According to EU law, motorcycles in Spain are subject to the same laws as other countries in the European Union; has anybody told them?
Spain on the whole has many good points and lets face it; we wouldnt be living here if it didnt. But it would be downright naïve to pretend that it is an out and out Eldorado and top of the list of annoyances for those of us that live here on a permanent basis are the mopeds.
Motos, as motorcycles are called in Spain, are subject to the same laws as other road users, including the reflective jacket rule, which most sensible riders wear all the time anyway. The headlights must be on dipped setting during the day, and an approved crash helmet must be worn at all times, properly fitted and secured. Penalty points can be awarded for transgressors. Otherwise, the laws are similar to other EU countries.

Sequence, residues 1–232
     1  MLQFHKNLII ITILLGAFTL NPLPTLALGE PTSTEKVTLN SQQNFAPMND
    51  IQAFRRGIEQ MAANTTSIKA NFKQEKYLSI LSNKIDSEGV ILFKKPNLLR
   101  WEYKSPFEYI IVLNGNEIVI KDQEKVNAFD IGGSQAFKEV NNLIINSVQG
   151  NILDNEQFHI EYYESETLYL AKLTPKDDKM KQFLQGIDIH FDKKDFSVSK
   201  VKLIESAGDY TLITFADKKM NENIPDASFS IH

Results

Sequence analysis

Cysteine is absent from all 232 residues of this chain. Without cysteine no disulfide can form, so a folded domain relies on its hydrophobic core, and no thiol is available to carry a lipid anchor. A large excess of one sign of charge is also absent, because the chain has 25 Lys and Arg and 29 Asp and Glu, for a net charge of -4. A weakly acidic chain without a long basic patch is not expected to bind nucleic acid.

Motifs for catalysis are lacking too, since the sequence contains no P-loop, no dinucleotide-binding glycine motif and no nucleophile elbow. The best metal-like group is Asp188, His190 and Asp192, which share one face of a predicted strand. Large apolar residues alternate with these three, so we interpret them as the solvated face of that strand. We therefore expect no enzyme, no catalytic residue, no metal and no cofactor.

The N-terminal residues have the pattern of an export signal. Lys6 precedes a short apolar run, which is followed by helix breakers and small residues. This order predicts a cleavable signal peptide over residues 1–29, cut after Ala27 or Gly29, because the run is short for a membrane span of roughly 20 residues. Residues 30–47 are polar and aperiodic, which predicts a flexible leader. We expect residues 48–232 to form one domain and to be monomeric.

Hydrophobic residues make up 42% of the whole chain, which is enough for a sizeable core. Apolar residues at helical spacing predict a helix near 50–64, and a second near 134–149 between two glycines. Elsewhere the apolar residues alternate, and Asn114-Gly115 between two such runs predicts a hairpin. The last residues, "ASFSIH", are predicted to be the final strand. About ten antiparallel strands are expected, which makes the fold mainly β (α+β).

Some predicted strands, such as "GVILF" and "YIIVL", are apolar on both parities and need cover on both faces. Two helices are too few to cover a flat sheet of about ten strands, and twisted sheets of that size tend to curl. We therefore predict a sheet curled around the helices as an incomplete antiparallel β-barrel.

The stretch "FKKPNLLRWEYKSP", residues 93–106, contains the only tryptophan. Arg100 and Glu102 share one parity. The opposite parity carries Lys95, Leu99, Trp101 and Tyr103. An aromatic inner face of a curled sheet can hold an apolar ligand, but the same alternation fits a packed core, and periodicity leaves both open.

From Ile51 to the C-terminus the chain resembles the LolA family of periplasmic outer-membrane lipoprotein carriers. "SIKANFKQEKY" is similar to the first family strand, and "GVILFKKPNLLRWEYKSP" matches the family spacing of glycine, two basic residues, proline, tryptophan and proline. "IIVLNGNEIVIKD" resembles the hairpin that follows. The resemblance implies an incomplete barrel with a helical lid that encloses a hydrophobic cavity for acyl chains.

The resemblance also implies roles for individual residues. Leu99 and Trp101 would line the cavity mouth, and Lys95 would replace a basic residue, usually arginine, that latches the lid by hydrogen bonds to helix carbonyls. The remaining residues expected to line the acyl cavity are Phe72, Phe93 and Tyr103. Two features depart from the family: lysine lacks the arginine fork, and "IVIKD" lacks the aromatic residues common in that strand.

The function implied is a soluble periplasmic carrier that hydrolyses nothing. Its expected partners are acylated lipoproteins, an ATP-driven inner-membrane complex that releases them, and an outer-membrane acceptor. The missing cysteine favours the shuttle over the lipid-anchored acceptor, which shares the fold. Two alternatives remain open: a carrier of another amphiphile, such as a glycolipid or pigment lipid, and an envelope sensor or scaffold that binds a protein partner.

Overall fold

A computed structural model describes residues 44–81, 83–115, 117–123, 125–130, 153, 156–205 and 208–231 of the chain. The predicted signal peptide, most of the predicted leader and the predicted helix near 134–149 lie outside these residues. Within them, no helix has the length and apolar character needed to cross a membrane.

It seems that every so often the Spanish police have a crack down on motorists and practically every roundabout will have a patrol car waiting to collar drivers not adhering to the rules. Why then do these same patrol cars sit idly by while any number of young Spaniards fly past on their mopeds clearly flouting every rule laid down for their own protection by the European government?
Spanish villages have for years been subjected to not only the noise nuisance created by them, but the danger caused by young inexperienced riders tearing around narrow streets and blind corners.
The Spanish are well known to be excessively overindulgent towards their off spring, but there does come a point when this blinkered overindulgence is actually placing their teenagers in danger, not to mention the many innocent and law abiding road users placed in danger as a result of this selfish attitude.